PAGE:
It's a historic day in our nation's history, but the markets are open and our trading lives go on.
When an individual investor adopts a market-neutral strategy, most of the time the investor is looking for a non-volatile stock market. Unlike the professional trading firms that abhor risk and try to be neutral with respect market movement, time passage and volatility changes, to the trader, 'neutral' most often refers to being 'delta neutral.'
Of the six basic strategies that I recommend, only one is established with zero net delta: the iron condor. Not everyone wants to be neutral. In fact, most traders have a market bias and intentionally choose strategies that are far from neutral.
In response to Bob's question about how the trader earns money from such market-neutral spreads, let's take a closer look at an iron condor.
Let's say an index is trading @ 609 and you want to trade an iron condor that expires in March and that the options you sell are far enough out of the money that they each have a 10 delta. [Please do not take this as a recommendation to use a 10 delta. For some that's too high, while for others it's far too low.]
Next you choose the options to buy, and for the sake of simplicity let's assume you buy calls and puts that are 10-points further out of the money than the options you sold. This spread is going to be near delta neutral. If you truly want to be exactly delta neutral when this spread is originated, you can sell fewer of one spread than the other, to balance delta.
Example: Let's assume the Mar 670 call and the 530 put have delta of 10 and -10 respectively. Let's also assume that the Mar 680 call has a delta of 8 and that the Mar 520 put has a delta of -8.5.
If you construct an iron condor consisting of 10 of each of those four options, then you would be short 20 delta on the call side (10 x 2) and long 15 delta (10 x 1.5) on the put side. To balance the iron condor, you don't have to sell 10 call spreads and 10 put spreads. If you sell 4 put spreads for every 3 call spreads, you would begin delta neutral.
I don't recommend doing that. My personal comfort zone calls for an equal quantity of call and put spreads. But, if your comfort zone is better satisfied with unequal quantities and buying equal delta, then do it that way. There are no strict rules (here are my 4 basic rules) when trading options – except one: Do not take on too much risk.
Show Me The Money
To this point, I have not discussed how to make money. When you trade an iron condor (sell call spread plus sell put spread), you collect a cash premium. The goal is for that premium to decrease so that you can close the position by paying far less than you collected. Sometimes the options expire worthless and you keep the entire premium.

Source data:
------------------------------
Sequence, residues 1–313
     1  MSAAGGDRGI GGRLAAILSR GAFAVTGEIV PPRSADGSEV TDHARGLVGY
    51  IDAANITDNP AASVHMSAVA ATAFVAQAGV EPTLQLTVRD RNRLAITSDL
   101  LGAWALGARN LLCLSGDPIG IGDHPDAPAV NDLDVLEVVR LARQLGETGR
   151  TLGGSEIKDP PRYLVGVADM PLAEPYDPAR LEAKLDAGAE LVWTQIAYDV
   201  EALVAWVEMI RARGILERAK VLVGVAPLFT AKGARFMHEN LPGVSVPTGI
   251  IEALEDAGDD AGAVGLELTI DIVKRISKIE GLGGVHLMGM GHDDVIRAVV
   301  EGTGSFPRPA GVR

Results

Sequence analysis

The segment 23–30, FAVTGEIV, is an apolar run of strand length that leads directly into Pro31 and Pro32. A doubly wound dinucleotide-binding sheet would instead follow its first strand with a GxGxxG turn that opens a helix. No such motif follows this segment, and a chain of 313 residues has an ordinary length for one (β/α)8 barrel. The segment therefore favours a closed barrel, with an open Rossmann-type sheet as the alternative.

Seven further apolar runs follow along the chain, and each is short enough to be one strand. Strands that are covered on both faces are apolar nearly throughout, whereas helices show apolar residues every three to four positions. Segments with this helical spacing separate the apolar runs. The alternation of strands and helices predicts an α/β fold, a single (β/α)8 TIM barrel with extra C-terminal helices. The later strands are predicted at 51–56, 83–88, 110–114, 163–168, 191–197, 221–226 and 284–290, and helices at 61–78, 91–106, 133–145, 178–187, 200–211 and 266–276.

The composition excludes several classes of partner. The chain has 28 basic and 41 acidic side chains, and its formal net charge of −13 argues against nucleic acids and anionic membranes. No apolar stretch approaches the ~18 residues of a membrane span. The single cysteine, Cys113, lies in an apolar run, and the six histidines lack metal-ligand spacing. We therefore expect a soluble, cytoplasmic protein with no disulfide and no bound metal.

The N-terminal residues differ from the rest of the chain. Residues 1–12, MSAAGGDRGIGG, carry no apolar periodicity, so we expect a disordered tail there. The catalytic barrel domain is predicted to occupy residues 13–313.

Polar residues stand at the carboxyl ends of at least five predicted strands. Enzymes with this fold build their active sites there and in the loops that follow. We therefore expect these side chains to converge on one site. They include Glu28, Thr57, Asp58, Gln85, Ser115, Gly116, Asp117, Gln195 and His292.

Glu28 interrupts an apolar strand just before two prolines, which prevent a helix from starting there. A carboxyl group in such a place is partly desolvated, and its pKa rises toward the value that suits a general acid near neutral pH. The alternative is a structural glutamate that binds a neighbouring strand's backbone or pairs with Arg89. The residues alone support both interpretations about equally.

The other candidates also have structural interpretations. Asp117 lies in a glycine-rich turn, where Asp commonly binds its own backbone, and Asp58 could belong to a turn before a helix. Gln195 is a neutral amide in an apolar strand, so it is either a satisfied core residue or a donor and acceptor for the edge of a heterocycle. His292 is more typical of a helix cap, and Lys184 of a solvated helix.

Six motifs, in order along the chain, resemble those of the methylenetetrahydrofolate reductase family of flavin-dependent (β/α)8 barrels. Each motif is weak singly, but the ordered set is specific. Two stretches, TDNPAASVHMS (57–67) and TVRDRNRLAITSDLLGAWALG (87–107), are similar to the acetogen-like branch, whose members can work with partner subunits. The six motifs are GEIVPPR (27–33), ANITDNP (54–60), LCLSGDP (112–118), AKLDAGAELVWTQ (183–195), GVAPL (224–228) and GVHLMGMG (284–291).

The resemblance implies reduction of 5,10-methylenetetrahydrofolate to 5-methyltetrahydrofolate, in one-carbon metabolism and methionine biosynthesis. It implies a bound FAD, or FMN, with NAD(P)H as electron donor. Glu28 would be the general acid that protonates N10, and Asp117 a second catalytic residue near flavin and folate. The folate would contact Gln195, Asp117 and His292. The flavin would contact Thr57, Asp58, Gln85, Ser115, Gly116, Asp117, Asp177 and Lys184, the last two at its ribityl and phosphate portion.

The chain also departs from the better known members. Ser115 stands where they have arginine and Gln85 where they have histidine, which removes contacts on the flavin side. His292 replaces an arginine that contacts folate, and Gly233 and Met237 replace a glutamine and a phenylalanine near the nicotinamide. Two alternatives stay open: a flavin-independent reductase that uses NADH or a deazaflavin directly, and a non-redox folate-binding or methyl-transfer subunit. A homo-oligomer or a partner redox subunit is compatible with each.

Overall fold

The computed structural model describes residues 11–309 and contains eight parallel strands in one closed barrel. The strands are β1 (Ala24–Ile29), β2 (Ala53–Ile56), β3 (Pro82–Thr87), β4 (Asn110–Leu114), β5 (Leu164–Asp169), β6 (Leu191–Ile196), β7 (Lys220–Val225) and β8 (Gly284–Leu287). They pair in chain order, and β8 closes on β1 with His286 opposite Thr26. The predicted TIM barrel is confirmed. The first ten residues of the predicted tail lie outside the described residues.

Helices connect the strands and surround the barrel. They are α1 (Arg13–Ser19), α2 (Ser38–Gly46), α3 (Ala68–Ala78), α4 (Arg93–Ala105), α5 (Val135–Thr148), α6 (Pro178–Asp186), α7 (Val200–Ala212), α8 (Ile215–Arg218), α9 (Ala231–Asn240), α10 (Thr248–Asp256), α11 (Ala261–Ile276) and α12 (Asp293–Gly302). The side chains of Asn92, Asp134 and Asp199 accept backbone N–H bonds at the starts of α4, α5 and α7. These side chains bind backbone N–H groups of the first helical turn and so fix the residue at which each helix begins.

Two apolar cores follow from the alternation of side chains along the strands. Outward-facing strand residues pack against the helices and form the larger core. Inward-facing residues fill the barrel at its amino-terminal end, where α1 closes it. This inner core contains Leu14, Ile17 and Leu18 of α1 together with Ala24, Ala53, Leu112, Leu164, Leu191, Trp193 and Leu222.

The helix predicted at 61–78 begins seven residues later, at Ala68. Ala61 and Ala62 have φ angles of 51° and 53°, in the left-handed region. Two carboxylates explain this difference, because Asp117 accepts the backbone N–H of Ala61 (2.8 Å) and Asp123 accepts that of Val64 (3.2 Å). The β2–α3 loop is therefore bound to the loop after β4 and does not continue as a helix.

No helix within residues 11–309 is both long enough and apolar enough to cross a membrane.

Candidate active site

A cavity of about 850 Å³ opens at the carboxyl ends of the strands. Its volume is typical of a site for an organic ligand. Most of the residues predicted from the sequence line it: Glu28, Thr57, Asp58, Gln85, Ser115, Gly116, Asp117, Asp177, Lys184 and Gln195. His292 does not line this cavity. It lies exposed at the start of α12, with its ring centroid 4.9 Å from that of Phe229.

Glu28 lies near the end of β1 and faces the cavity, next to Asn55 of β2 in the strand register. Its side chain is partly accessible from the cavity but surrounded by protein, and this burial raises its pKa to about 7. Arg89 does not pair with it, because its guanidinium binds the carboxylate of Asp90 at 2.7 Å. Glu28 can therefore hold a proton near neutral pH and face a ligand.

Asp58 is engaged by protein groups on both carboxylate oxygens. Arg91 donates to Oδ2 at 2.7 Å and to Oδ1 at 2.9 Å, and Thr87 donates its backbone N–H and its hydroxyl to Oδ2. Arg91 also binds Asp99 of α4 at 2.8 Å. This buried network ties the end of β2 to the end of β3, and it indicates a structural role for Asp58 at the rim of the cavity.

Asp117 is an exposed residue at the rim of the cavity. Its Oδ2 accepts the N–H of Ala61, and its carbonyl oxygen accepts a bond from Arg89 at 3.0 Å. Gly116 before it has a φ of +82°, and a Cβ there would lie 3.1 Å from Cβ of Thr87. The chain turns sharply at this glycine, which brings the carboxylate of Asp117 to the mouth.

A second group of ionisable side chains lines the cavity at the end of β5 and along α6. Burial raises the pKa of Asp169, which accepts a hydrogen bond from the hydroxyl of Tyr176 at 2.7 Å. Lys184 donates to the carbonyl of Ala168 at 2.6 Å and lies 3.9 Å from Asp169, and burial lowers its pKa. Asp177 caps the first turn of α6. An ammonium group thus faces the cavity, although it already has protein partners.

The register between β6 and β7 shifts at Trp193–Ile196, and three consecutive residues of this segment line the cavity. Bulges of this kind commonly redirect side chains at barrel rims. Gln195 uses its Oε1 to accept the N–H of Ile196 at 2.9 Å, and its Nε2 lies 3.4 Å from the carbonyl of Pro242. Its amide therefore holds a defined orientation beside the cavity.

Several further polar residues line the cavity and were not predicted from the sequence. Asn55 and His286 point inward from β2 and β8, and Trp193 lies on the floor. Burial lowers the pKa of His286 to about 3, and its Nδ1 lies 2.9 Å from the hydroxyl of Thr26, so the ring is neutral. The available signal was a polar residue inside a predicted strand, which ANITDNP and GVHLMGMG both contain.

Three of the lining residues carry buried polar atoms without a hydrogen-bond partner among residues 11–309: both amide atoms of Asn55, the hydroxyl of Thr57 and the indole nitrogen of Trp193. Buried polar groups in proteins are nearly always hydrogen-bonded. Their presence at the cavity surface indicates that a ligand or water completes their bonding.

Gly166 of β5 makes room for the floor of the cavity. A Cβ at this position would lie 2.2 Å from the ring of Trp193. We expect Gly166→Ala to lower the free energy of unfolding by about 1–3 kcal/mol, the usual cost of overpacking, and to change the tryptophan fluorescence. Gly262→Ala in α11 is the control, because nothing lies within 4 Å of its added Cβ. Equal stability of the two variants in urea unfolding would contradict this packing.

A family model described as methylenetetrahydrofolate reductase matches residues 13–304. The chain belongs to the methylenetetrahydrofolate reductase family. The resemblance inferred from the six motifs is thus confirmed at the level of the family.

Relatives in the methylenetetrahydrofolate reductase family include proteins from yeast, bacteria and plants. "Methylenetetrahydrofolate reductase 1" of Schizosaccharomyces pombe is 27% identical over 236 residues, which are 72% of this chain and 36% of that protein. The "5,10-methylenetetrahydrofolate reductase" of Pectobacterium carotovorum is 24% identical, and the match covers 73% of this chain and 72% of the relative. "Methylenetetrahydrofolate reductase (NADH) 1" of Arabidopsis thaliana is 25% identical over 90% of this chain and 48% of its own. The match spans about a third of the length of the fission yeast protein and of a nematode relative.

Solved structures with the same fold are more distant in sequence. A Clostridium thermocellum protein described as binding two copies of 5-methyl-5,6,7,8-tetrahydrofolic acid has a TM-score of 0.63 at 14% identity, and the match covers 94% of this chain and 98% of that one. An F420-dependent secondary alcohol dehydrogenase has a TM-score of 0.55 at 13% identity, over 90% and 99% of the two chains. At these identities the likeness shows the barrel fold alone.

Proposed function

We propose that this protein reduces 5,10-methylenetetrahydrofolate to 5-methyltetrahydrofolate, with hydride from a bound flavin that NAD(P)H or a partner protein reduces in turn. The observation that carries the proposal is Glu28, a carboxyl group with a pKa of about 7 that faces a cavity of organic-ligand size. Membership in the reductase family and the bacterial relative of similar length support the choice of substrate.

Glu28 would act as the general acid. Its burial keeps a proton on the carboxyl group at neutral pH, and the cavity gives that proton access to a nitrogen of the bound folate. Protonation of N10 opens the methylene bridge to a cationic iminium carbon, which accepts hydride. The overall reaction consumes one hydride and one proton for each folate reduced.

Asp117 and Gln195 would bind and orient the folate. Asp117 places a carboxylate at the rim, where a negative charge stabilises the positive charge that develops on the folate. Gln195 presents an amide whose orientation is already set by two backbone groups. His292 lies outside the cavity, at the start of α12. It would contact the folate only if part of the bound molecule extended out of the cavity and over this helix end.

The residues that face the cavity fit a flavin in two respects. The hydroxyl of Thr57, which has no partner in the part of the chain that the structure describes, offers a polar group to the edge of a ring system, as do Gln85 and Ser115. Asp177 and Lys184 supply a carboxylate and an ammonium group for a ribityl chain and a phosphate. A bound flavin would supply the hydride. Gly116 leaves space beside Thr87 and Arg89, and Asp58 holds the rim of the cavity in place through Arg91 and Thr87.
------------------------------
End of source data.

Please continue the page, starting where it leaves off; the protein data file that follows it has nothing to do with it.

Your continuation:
The idea is for time to pass and for the underlying asset to not move beyond (or even near) the strike price of either option you sold.
It's best when nothing extraordinary occurs. That means the implied volatility (IV) of the options should be relatively unchanged as time passes. If IV increases, your iron condor position loses money (premium increases). That occurs because the options you sold, being closer to the money (price of underlying) increase in value by a larger amount than the options you own. That makes the call spread and the put spread worth more, and because you sold those spreads, the position loses money.
On the other hand, if IV decreases, the spreads you sold lose value and the premium of your iron condor position decreases, and become more profitable.
As time passes, each of the four options that comprise the iron condor decay – that means each option has negative theta and loses some of its time value as the clock ticks. Because you sold options with a higher value and a higher delta, they lose value more rapidly than the options you own. Thus, the passage of time is your ally.
It's very uncomplicated. You sold options and you make money as time passes – as long as the underlying asset doesn't make an unfavorable move. And I must tell you – it does make such moves. If you sell calls and puts and each has a 10 delta, there's a 20% change that one of those options will be in the money when expiration rolls around. Do not just buy iron condors and shut your eyes. Careful risk management is necessary for long-term success.
An exception to this discussion is the back spread: The trader buys more options than he/she sells.
If the underlying asset makes a giant move – to 120, for example – in the direction of the extra long options, then the profit can be substantial.
The passage of time is the enemy of the back spread.